Eventually Havisham’s self-pity combined with her mental decay makes for a dramatic conclusion to the poem as her emotions collapse and she is un-able to contain her feelings. She leaves the reader on an anti-climax as we are left wondering what happened to her in her vulnerable helpless state. ‘Don’t think it’s only the heart that b-b-b-breaks.’ Duffy uses ambiguity to give several interpretations of the ending as we are un-sure as to how Havisham finishes. The repeated ‘b’ sound could be the last beats of her breaking
heart, it could be her voice breaking as she remembers her fate, it could be her last words as she finally emotionally and physically breaks down. It is the uncertainty of Havisham’s end that creates a sinister mood and makes her feel real to the reader.
In conclusion, ‘Miss Havisham’ a character from the novel ‘Great Expectations’ by Charles Dickens is further explored in the poem ‘Havisham’ by Carol Ann Duffy. In the poem Duffy reveals Havisham’s sinister character and makes her feel real to the reader. Duffy accomplishes this through the use dark themes to express Havisham’s sinister character and a menacing narrative voice is used to make Havisham feel real to the reader. Duffy also uses symbolism, word choice and other poetic techniques to emphasis Havisham’s bitter and twisted character. The sinister mood is created throughout the poem as Havisham exposes her hatred for men and shows her physical and mental decay as she has been isolated from the world for so long.
Carol Ann Duffy is a famous and iconic poet born in Glasgow, Scotland and raised in England. She is a prestigious poet who obtained the honour of becoming poet laureate. She was the first female to receive this prestigious honour that is chosen by the monarch. Duffy often writes poems in the first person and takes on the voice of characters that are misunderstood, perhaps because in her early life she lived in an impoverished city. She is pro-feminism and that is reflected in this poem which tells the story of a character from the Charles Dicken’s novel “great expectations” Although interestingly the poem refers to the character as Havisham rather than Miss Havisham. This is conjuncture, but perhaps that is supposed to symbolise the character trying to rid herself of that moniker as it is a reminder of how she was jilted?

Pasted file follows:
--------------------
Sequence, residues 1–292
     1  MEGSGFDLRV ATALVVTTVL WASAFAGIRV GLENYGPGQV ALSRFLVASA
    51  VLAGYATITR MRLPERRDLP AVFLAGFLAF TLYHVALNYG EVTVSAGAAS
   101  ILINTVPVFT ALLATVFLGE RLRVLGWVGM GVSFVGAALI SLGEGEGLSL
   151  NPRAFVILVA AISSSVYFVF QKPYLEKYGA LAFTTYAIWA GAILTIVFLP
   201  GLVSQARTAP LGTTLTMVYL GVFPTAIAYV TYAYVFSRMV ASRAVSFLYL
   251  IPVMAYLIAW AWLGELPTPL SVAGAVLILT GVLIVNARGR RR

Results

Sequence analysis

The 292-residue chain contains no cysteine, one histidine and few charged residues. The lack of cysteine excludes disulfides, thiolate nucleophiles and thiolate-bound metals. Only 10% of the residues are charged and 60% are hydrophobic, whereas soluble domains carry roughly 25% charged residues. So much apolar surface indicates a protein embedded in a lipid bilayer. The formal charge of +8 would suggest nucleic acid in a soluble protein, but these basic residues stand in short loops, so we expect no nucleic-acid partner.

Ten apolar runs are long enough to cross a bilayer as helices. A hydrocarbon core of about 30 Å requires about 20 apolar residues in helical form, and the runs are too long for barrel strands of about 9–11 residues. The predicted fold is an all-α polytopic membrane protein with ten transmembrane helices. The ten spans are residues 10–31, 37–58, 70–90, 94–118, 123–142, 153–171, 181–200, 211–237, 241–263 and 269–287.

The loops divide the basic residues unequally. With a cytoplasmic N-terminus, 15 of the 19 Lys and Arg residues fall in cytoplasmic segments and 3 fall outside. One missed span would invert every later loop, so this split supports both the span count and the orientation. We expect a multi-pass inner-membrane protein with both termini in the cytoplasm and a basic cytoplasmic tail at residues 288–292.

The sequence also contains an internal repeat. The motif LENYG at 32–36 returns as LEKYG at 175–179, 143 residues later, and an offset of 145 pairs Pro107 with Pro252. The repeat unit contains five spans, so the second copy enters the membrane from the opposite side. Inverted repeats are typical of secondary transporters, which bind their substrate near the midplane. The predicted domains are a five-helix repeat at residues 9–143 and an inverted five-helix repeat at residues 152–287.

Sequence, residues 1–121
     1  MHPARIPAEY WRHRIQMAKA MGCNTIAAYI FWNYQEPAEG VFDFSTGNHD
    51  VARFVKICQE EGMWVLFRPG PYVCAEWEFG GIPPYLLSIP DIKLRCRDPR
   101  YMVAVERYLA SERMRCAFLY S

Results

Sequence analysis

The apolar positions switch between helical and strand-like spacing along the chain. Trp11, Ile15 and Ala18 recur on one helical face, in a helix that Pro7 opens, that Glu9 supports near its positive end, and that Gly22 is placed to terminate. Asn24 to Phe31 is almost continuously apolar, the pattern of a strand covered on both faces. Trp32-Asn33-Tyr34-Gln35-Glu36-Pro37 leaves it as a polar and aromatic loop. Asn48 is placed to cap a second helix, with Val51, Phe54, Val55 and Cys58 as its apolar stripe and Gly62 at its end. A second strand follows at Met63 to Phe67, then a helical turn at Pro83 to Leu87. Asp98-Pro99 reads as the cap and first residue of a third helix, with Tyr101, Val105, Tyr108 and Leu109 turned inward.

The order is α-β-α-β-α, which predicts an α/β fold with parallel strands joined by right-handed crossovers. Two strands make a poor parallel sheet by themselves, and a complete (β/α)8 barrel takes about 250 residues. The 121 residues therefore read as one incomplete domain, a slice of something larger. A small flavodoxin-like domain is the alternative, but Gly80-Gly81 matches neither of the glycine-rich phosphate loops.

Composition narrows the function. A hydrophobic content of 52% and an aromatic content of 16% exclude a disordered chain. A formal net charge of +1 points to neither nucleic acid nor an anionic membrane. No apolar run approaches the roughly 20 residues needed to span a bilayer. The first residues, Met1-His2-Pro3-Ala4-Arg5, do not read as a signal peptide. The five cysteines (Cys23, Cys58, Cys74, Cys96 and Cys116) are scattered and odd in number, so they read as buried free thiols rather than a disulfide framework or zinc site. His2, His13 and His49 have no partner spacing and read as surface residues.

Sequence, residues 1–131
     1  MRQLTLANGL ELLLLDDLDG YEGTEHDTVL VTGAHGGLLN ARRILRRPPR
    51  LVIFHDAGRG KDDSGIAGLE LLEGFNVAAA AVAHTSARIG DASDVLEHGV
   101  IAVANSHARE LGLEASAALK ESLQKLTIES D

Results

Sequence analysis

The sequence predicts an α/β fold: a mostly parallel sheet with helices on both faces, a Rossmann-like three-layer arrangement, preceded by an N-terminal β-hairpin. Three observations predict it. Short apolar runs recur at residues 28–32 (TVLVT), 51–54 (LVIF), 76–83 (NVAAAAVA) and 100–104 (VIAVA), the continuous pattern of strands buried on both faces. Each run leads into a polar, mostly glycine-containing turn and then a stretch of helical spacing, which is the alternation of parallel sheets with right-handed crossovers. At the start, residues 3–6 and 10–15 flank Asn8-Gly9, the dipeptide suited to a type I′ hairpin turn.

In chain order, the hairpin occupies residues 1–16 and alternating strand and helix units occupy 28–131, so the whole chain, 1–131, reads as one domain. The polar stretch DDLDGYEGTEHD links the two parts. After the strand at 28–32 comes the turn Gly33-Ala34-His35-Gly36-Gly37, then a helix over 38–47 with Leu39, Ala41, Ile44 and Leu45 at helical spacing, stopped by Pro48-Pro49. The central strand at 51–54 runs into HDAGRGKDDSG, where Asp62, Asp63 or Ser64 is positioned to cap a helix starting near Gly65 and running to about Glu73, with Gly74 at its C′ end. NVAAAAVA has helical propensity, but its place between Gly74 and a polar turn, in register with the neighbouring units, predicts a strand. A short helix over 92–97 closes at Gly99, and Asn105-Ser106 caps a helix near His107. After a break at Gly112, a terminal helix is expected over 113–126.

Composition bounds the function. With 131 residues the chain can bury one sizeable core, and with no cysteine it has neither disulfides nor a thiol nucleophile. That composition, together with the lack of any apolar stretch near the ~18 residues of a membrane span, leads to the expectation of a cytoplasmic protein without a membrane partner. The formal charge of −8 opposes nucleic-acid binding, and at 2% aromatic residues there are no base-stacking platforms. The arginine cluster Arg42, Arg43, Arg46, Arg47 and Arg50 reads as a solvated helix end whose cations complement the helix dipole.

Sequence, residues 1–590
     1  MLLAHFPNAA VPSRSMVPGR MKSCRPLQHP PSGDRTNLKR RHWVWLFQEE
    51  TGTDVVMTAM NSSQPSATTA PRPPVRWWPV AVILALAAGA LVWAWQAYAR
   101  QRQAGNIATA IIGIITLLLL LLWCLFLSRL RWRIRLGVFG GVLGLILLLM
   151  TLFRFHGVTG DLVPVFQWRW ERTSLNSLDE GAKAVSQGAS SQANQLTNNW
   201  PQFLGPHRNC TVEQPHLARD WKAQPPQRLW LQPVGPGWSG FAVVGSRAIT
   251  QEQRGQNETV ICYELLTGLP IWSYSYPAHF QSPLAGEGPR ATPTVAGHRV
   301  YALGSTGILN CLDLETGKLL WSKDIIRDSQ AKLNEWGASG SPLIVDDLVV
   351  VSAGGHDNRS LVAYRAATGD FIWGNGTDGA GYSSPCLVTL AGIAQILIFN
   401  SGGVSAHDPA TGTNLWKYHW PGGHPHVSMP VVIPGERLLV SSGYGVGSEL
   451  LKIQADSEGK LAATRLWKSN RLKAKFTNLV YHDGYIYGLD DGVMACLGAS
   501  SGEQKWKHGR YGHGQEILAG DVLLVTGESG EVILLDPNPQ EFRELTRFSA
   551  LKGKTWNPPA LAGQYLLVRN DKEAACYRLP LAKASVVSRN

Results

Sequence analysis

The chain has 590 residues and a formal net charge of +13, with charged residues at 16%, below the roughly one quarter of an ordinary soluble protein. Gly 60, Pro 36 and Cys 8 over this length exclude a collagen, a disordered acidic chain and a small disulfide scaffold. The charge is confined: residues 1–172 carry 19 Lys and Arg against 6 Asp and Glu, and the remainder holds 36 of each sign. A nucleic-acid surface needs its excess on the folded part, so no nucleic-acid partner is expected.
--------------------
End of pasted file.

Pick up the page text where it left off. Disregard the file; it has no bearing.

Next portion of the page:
Form and Tone
Havisham is told from the perspective of Miss Havisham, a bitter and twisted character from the novel Great Expectations. Duffy created a series of poems told from the perspective of female characters from literature and mythology, although this poem does not come from that collection. The poem is presented in four stanzas and is written in free-verse with no rhyming pattern. The poem is dark and angry in tone and contains explicit language which helps to emphasise the anger that Miss Havisham’s character probably felt.
Beloved sweetheart bastard. Not a day since then
I haven’t wished him dead. Prayed for it
so hard I’ve dark green pebbles for eyes,
ropes on the back of my hands I could strangle with.
The very first line is immediately impactful, using a sentence constructed of three nouns with no commas to separate it. It is also an oxymoronic sentence as you wouldn’t associate the words beloved and sweetheart with the word bastard. This is striking as right from the off it shows Miss Havisham’s conflicting feelings towards her former lover. (in case you aren’t familiar with Miss Havisham’s story she was jilted at the altar). She then reveals her strong feelings of hatred, but is this sentiments undone by the preceding statement’s mixed message? We see in the end part of this stanza that holding on to this animosity is starting to take its toll on miss Havisham in a very physical way.
Spinster. I stink and remember. Whole days
in bed cawing Nooooo at the wall; the dress
yellowing, trembling if I open the wardrobe;
the slewed mirror, full-length, her, myself, who did this